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February 14, 2011 - Roofing
At the Carnival Center for Performing Arts in Miami, Fla., the roof is by no means a bit player. Occupying more than a half-million square feet, Carnival Center is one of the largest performing arts halls in the world. It houses a 2,400-seat ballet opera house, a 2,200-seat concert hall, a 3,500 square feet arts education center and a café.
Integral to Carnival Center’s design physique, the roof is intended to do more than keep the performers dry. It is composed of many decks, some with steep sloped pitches, and highly visible from the street.
A 45-mil fully adhered FiberTite Fleece Back system was installed in part for its custom color matching ability. The company formulated a custom color so that the roofing membrane would match the natural granite colored stone of the building.
The roof’s unique design with uncommon roofing details posed some installation challenges. The membrane had to be attached to two different kinds of substrates, structural and lightweight concrete. A special drainage system needed to be constructed of huge open concrete grates to catch the volumes of water that run off the building.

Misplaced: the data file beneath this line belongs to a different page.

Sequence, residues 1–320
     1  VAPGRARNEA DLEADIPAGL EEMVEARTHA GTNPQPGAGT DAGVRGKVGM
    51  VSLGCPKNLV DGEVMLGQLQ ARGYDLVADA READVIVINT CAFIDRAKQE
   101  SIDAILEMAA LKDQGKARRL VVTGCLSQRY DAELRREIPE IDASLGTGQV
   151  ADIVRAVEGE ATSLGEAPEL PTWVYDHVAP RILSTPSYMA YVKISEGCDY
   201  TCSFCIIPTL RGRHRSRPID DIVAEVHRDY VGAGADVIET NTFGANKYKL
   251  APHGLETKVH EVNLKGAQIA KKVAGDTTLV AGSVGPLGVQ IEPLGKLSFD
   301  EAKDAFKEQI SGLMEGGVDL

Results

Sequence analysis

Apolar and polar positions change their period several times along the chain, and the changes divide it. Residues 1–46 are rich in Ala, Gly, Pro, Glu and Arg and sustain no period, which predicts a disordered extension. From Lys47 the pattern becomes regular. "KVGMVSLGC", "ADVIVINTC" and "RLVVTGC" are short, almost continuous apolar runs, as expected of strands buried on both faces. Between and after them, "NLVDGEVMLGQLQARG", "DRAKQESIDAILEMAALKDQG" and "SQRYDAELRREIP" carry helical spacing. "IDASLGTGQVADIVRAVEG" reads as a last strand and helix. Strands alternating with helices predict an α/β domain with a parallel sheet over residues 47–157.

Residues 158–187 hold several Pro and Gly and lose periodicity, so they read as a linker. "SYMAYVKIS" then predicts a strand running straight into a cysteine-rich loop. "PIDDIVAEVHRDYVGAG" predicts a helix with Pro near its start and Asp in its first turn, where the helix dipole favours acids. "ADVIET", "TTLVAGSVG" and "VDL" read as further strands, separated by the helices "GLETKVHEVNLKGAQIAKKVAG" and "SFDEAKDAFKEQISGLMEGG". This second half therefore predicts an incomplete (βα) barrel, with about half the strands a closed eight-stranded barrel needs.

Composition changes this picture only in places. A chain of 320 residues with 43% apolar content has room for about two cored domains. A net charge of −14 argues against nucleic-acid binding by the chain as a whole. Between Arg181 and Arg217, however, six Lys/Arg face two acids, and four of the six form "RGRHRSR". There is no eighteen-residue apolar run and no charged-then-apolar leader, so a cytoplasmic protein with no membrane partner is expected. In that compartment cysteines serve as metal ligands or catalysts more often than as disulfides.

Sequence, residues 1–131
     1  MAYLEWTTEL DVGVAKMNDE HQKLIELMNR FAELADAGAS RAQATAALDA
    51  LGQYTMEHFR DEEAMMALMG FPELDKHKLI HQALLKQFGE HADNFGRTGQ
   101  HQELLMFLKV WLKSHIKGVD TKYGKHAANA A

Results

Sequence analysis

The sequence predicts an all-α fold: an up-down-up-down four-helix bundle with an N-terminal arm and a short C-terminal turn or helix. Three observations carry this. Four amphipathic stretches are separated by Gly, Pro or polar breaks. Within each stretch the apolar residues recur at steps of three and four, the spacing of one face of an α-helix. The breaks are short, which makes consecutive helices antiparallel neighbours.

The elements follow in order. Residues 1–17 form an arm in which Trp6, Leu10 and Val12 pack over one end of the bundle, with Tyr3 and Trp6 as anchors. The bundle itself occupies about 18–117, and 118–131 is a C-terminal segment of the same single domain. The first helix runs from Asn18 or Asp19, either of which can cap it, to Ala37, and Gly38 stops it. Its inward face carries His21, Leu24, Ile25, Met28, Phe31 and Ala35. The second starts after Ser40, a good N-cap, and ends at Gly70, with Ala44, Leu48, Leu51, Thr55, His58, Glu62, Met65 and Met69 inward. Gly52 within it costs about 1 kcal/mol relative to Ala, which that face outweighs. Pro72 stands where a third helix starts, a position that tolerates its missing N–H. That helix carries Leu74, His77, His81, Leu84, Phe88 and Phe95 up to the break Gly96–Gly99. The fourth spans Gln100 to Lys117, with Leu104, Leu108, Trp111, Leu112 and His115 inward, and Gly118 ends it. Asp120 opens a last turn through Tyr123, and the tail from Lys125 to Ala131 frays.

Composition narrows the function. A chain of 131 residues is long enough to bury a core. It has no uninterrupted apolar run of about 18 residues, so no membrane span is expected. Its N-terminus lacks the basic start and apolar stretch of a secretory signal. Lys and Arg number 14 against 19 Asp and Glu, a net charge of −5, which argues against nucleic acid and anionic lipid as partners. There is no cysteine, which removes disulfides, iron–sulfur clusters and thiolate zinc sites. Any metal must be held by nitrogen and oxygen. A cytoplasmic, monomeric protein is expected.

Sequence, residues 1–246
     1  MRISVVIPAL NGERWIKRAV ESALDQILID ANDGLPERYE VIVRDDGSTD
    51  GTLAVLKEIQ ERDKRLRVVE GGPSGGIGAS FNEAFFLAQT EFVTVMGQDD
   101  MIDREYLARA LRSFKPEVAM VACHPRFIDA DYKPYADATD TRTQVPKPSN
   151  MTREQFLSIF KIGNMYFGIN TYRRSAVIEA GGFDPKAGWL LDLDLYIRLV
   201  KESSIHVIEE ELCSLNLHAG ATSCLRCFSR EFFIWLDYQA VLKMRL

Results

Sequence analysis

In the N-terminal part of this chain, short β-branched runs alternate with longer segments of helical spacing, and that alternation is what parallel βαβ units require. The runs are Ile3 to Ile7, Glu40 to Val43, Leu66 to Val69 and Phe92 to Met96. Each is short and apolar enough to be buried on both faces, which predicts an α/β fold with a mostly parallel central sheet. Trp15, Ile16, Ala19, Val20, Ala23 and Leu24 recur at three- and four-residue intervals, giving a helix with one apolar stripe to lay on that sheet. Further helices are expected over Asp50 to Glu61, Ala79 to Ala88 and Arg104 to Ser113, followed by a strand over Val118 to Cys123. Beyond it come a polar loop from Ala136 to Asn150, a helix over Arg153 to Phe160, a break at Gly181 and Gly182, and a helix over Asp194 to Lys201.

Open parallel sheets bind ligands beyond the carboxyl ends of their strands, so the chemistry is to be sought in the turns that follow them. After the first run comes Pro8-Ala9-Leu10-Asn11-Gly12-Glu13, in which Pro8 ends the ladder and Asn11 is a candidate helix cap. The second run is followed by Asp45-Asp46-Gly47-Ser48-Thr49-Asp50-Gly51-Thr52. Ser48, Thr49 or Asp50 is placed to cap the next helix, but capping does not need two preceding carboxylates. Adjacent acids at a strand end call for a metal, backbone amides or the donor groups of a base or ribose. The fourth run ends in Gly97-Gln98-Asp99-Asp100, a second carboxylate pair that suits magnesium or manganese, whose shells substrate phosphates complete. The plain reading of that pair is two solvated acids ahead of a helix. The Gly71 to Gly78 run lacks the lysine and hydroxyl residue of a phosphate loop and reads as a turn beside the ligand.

In a hurricane-prone region, the roof would have to do more than just look good. Another factor in its selection was the system’s track record for longevity in extreme weather. The product had to meet a set of stringent building approvals set by Miami Dade County, the center’s owner. Included in these approvals was a requirement for superior wind uplift resistance.
Hurricanes Wilma and Katrina, among the fiercest Atlantic Hurricanes on record, passed over the construction site while construction on the building was in progress. The 180,000 square feet membrane roof remained in tact.
Las Vegas evokes images of glitz and glamour, where fun happens around the clock. For The Mirage Hotel and Casino and its adjoining 90,000-square-foot Mirage Events Center convention complex, creating the perfect atmosphere is a vital competitive advantage, but it must be done efficiently.
For more than two decades at the 48-story Time & Life Building in Rockefeller Center, HVAC motors regularly broke down. Preventive maintenance pointed to electrical bearing damage as the culprit.
Hamilton Memorial Hospital District in McLeansboro, Ill., a 25-bed critical access hospital, was lacking structure in its scheduling processes, especially evening scheduling.